Lat strength will certainly be one factor improving stability in the rack position of a snatch, but snatch technique will be largely more responsible. If the skill of a proper rack isn’t learned or the bar path throughout the entire lift is funky (i.e. looping around the head), then impressive lat strength won’t be enough to hold it in place. However, greater shoulder strength will be beneficial for hitting heavier snatches provided that the technique is there…but it usually isn’t. Having a good base of strength and musculature will be important when learning the movement and can help account for lack of technique by muscling the bar into position, yet good technique will reduce the need for severe over corrections.
The Wheel of Pain asks:
Yo Justin, what do you think of IIFYM (If It Fits Your Macros (then eat it) as a nutrition approach. Basically, build your diet around whole foods blah blah blah, but if you want a bit of ice cream, a cheeseburger, or some tacos and beers with friends, enjoy–as long as you adjust your day’s (or week’s) total intake so that this stuff fits within your macro scheme. This way you’re not totally avoiding pleasurable foods like an orthorexic freakshow just because they’re not on an approved list of “pure” or “good” or “clean” foods.
I just heard this acronym today and realized it describes my nutrition approach pretty well.
Dear The Wheel of Pain,
This method would imply that ice cream and snickers bars will be no different than a nutrient dense carb source like a sweet potato. This is sort of related to the Zone vs. Paleo thing that went down with CrossFit a couple of years ago. Eating shitty quality food in an optimal ratio will be better than just eating shitty amounts of copious food, but eating higher quality food will always be better than eating shitty of food. Besides, it’s not like people overeat and get fat or diabetes from blueberries and sweet potatoes.
I’m an advocate of the palelothic diet because it not only makes sense, but it is high in nutrients and low in foods that cause a lot of problems. I pretty much eat within the requirements of a “paleo diet”, yet don’t shy away from a good double bacon cheeseburger and like to have a little bit of wine and beer every week. I think that the paleo diet is the standard for food quality good outline to follow for longevity and health. Along with some other tweaks, it is also very good at reducing body fat and gaining muscle.
In other words, no, I don’t think that eating whatever you want within the boundaries of your macros is an optimal way to eat. Besides, macros are so individualized and training dependent that hardly any of us will know what is an optimal ratio anyway.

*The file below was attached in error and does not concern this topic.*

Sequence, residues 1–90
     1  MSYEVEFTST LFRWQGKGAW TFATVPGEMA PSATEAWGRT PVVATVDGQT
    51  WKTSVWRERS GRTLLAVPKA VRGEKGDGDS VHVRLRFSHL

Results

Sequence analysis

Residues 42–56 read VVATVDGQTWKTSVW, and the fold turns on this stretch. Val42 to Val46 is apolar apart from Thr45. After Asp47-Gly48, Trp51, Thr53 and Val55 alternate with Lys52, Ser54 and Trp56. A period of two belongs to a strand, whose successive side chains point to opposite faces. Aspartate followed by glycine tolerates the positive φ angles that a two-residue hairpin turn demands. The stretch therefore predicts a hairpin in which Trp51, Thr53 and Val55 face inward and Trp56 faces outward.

I have a question about the Push Press. I saw this video from CalStrength a while ago, showing Donnie Shankle PP’ing from his traps…so, like, a “behind-the-neck-push-press”. Is this the movement that Glenn is referencing when he talks about the Push Press? Is it a significantly different movement (wrt to strength development and carry over to other lifts)? I am as yet unable to rest the bar on my delts, so this is an attractive alternative to me.
I will ask Glenn if that’s what he was referrig to. Behind-the-neck push-presses will yield heavier poundages since the force that the legs produce is transferred to the bar more efficiently than if it’s racked on the deltoids. It’s also easier to maintain a vertical torso with the bar on the back. In other words, you’ll be able to lift heavier weigth behind the neck than in front of it.
However, keep in mind that Donnie has been lifting seriously for over a decade. He is as much of a professional as you will find in our country. I point this out because the behind-the-neck push-press isn’t something I would recommend that a beginner try out, especially because of the descent. If you are unable to rack the bar on your deltoids, you can try raising your elbows up and maybe taking a wider grip. It’s okay if your elbows are pointed completely forward in this movement as the drive from the hips will get the bar to at least eye level.
Training question for Justin and the gang: what are some cues for squat depth? I want to do USAPL meets next year, so I’ve been obssessive about going deep. But – my coach said last night that I’ve been going too deep (“bottoming-out”) and losing hamstring tension in the process.
How do y’all find that sweet spot that’s below parallel, but not ass-to-grass?
You only need to go about an inch, maybe two, below “parallel” as this will be the optimal positioning to stretch your hamstrings. Any further and the knee angle gets too acute and it shortens the hamstrings, thus decreasing their tension. Your coach has a good eye.
The cue “cut it off” is simple, but then it helps to have the coach be there so that he can give immediate feedback on each rep in case they get too high. I often will make a noise indicating when the person should start the ascent, and if that doesn’t work I’ll use a tactile cue on their butt at proper depth. If that doesn’t work, I’d set them up in the position without a bar on their back to show them the correct depth. The whole process takes less than two minutes.